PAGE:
I'm looking for some simple schematic for movement detection.

I want to use it with a small hobby project of my own to detect if someone is moving the box, doesn't matter the direction. I'm looking for simple and (preferencially) cheap.

I'm not looking for accelerometers or gyroscopes. The most simple solution that I've found for this is a tilt switch, but I couldn't find if it's the simplest solution.


I've found out that piezo sensors are also used as a vibration detector: What's the cheapest way to detect vibration with Arduino?

Do you think that it could work for me? In this case, the piezo could be attached to the plastic box.


Following @Kortuk advices, here's the original idea and the one I want to be able to do:

I have a box with my system inside (in this case MCU, bluetooth and a USB connector). The box doesn't exist yet, so I don't know which kind of box could it be, this is just an hobby project to play with stuff that I've never played before.

My goal it's to have a pin that will be active when someone moves the box, and that could be change it's place, tap it or even moves the table where the box if. I have no problems with some false alarms, if the box it's going to be attached to a wall and some guy starts drilling the wall, the pin could be activated too.

I'm looking for the simplest solution.

  • \$\begingroup\$ Vibration is very different from movement in the classical sense. I would say that maybe you should explain what kind of application you need to detect motion in with detail and not get the cart ahead of the horse with guessing for solutions in the question. Is this a device that should never be moved? Is it going to be placed somewhere and have a sensor that detects movement after being moved without need for internal reconfiguration? Details give great answers. \$\endgroup\$
    – Kortuk
    May 12, 2012 at 17:48
  • \$\begingroup\$ @Kortuk: my initial idea was to detect if the box is moving, doesn't matter where. I already do that but with an accelerometer. Then I read about this piezo sensors and I thought that I could use one of those to detect motion and ambient vibration. \$\endgroup\$
    – rnunes
    May 12, 2012 at 18:02
  • \$\begingroup\$ I am trying to explain that you get the best quality answers if you post a thorough explanation of the problem you face and avoid explaining what you think the solution is. The users here know a large deal about these things, compared to most I am an amateur. What is the acceptable tolerance for false positive and for false negative? How far is moving? Is this going to be in a location that has large amounts of vibration? What power consumption is acceptable? \$\endgroup\$
    – Kortuk
    May 12, 2012 at 18:05
  • \$\begingroup\$ just wanting you to get the best possible answer. \$\endgroup\$
    – Kortuk
    May 12, 2012 at 18:06

2 Answers 2


There are accelerometers that are designed with the application in mind. There are many options available out there but a couple that might be useful:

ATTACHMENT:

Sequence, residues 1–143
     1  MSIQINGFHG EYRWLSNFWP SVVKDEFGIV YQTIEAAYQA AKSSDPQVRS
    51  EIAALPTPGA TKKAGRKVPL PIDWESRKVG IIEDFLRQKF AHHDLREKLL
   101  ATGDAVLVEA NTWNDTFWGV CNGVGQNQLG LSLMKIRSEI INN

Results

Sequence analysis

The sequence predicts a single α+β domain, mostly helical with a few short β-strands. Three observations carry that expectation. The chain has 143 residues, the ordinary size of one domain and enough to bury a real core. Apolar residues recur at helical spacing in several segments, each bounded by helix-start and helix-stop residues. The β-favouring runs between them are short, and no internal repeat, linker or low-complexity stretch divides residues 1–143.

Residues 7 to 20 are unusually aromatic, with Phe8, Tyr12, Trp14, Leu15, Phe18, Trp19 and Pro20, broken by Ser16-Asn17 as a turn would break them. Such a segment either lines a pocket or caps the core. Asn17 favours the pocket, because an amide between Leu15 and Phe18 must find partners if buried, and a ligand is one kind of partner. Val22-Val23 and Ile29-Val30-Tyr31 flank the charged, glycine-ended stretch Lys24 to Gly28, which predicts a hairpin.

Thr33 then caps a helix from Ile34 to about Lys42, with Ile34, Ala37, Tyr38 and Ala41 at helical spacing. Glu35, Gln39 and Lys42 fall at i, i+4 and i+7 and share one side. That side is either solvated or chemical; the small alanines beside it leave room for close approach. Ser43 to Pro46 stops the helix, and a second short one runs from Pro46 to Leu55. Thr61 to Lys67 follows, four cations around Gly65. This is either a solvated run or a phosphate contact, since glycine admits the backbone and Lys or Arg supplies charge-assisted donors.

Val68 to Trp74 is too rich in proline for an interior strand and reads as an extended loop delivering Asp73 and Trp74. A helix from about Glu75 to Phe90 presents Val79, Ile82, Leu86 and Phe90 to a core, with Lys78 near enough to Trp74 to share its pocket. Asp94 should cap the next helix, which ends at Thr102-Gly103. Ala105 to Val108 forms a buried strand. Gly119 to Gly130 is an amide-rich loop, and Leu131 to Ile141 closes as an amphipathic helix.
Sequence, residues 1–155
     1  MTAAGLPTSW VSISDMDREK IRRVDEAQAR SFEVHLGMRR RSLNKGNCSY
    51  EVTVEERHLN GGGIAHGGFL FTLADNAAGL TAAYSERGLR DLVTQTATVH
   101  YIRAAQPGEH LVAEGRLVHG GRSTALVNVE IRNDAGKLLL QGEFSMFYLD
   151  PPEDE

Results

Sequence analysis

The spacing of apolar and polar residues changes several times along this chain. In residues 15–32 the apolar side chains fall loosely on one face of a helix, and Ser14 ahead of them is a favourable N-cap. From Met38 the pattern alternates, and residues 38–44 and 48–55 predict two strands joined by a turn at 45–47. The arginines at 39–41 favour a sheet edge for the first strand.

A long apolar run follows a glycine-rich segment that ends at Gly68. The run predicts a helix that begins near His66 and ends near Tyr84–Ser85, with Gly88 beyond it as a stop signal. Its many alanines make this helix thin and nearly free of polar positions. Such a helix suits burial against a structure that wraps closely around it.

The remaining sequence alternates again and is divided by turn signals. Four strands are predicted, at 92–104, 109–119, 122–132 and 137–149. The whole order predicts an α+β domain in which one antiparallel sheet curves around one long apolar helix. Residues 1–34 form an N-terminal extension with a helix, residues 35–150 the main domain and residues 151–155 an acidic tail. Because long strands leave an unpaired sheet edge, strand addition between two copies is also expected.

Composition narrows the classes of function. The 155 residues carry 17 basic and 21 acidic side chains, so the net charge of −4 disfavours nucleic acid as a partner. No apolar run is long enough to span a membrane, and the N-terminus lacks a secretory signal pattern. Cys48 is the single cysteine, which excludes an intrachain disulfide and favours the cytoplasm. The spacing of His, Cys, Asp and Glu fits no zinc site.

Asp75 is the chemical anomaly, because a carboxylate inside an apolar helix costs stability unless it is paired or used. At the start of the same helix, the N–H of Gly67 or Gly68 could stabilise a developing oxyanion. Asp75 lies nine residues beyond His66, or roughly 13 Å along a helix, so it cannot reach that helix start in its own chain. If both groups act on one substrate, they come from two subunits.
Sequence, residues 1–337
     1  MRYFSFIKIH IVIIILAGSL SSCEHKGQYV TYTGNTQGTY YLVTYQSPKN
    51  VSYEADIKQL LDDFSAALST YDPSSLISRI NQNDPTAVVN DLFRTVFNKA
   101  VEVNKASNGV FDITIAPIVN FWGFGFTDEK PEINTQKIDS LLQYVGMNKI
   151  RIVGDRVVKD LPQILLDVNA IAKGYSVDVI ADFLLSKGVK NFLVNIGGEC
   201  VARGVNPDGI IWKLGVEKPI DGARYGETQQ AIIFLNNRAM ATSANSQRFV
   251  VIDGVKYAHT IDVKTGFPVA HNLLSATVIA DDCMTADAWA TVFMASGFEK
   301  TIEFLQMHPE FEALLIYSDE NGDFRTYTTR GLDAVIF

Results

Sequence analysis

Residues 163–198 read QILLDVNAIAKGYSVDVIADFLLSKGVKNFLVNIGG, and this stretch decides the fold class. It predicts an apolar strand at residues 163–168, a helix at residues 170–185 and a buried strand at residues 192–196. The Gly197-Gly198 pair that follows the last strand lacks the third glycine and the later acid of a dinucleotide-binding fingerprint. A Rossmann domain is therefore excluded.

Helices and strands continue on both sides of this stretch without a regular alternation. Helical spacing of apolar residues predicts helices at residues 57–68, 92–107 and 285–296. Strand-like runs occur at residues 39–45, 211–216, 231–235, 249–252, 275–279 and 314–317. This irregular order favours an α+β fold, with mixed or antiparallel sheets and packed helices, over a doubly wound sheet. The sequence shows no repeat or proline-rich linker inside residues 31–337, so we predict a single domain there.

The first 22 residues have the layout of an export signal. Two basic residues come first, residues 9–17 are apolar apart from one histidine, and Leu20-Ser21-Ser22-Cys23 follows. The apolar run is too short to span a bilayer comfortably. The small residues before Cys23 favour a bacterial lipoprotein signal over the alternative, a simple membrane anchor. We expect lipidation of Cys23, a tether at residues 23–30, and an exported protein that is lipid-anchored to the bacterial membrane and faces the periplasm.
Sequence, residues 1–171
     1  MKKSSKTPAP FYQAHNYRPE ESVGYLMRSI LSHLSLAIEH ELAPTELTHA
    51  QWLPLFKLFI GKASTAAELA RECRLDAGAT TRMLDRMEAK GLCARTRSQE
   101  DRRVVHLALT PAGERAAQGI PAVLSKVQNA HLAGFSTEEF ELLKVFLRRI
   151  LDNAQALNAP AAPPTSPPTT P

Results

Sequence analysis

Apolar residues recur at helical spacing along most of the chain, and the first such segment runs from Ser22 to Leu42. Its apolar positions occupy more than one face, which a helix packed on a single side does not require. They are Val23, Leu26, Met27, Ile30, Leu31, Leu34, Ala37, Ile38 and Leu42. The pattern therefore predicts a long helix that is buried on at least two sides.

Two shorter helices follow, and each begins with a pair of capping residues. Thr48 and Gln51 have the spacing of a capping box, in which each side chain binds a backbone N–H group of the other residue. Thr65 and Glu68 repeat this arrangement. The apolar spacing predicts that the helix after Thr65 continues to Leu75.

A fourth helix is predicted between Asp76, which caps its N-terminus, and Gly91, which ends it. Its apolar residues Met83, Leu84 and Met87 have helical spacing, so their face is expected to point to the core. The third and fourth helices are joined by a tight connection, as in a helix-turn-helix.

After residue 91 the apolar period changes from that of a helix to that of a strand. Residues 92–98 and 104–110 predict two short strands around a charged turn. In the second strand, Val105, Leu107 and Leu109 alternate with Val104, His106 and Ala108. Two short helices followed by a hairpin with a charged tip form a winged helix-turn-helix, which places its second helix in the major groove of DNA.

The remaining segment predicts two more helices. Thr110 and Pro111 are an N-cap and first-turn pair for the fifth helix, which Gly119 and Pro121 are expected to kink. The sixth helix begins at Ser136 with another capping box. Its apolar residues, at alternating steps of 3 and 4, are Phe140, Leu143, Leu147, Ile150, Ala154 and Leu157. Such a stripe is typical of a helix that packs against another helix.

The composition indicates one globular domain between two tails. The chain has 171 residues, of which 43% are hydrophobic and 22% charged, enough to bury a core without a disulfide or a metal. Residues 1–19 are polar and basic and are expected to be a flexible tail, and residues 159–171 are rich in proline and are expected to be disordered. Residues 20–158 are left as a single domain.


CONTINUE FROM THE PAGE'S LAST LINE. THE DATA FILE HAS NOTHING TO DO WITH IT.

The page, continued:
• Raise an output high whenever acceleration is above a certain amount and lower when acceleration stops.
  • Raise output high when acceleration is above a certain amount and output is kept high until a command is sent to clear.

Both these are designed for this application to give you as simple a circuit as possible and I suggest them compared to other options but you might have reasons to need a mechanic tilt switch.

  • 2
    \$\begingroup\$ For fun, you make an acceleration detector with a piece of bare wire with a little weight on it, poking through the loop in another piece of wire. Seems like a no-brainer. Object moves, weight's inertia causes contact with the loop. One of these covers the x-y plane, and one more gives you z coverage. \$\endgroup\$
    – Kaz
    May 12, 2012 at 2:19
  • \$\begingroup\$ @Kaz, sounds pretty cool. I was answering what I have seen as a solution for making many of these. I would have made it a comment but, alas, they have formatting limits. Many people do not realize how many features accelerometers have, they have become very impressive in their own right. Making detectors yourself not very functional for a group of products, but for at home tinkering I think the decision is a no brainer. \$\endgroup\$
    – Kortuk
    May 12, 2012 at 2:50
  • 3
    \$\begingroup\$ @Kaz, that plus a simple circuit would make a pretty good answer on its own. \$\endgroup\$
    – Kortuk
    May 12, 2012 at 2:54
  • \$\begingroup\$ The weight-on-a-wire requires a particular orientation of the installation. Otherwise gravity would pull the weight into the loop. \$\endgroup\$
    – user9224
    May 12, 2012 at 13:27
  • 2
    \$\begingroup\$ @scorpdaddy - Not necessarily. You can mount it any way you want. Inertia works in any direction. \$\endgroup\$
    – stevenvh
    May 12, 2012 at 13:45

Hacking a mouse and get the x,y delta output might be a cheap option if you already have one sitting around. Adding some IR sensors might help to make sure it is a living thing that is moving the box, if you need that.


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